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Small incision lenticule extraction (SMILE): predictors for the outcome of almost 1000 treatments of myopic astigmatism

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Session Details

Session Title: Moderated Poster Session: Refractive

Session Date/Time: Saturday 05/09/2015 | 14:00-15:00

Paper Time: 14:40

Venue: Poster Village: Pod 1

First Author: : R.Hansen DENMARK

Co Author(s): :    N. Lyhne   J. Grauslund   A. Vestergaard        

Abstract Details

Purpose:

To study if the degree of refractive error treated influences the predictability, efficacy, or safety in small-incision lenticule extraction (SMILE) treatments for myopic astigmatism.

Setting:

Department of Ophthalmology, Odense University Hospital, Odense, Denmark.

Methods:

Retrospective study of SMILE treatments performed from 2011 to 2014. Inclusion criteria: Corrected distance visual acuity (CDVA) ≤ 0.10 (logMAR) before surgery, and no other ocular conditions than myopia up to -10 D with or without astigmatism of maximum 3 D. Exclusion criteria: Re-treated eyes. All treatments were performed with a VisuMax® femtosecond laser (Carl Zeiss-Meditec, Jena, Germany). Lenticule diameter ranged from 6.00 to 6.60 mm. Maximum attempted spherical correction was -10.00 D. Clinical examinations were performed, and results were analyzed pre-operatively and 3 months post-operatively. Pearson product-moment correlation coefficient (r) was calculated.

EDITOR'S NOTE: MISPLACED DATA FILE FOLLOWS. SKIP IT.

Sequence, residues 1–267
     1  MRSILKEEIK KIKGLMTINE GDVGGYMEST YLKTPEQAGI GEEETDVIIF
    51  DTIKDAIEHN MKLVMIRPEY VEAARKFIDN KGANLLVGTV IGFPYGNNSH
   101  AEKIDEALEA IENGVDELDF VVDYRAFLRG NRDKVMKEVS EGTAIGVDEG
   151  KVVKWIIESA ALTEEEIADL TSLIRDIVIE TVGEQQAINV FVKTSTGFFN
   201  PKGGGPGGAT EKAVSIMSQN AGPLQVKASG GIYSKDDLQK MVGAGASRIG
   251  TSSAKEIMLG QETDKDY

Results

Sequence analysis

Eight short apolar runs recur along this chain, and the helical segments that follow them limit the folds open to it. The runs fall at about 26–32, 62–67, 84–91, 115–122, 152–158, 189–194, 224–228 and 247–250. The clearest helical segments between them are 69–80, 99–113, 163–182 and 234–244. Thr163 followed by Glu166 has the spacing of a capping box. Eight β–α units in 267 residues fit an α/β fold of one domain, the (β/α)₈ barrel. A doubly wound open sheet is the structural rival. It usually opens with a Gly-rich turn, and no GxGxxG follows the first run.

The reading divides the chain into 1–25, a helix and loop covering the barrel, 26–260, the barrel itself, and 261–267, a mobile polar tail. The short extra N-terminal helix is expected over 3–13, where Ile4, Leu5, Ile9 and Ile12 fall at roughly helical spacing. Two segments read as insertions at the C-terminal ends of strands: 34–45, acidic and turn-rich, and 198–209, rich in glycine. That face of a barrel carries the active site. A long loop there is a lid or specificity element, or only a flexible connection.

Results:

Of 1150 treated eyes, 983 were included. Spherical equivalent (SE) refraction averaged -6.77±1.74 D before surgery. At 3 months after surgery, 98% were within ±1.0 D of intended refraction and 13 eyes had lost 2 lines or more of CDVA. Results were analyzed regarding correlations between the degree of refractive error treated and: -refractive predictability (the difference between attempted and achieved spherical equivalent refraction), r = -0.125, p = 0.01. -efficacy (change in CDVA before surgery compared to UDVA after 3 months), r = 0.133, p = 0.03. -safety (CDVA before surgery compared to 3 months after), r = 0.028, p = 0.49.

Conclusions:

In SMILE treatments, the predictability and efficacy was correlated with the degree of refractive error treated. Safety was not.

Financial Interest:

NONE

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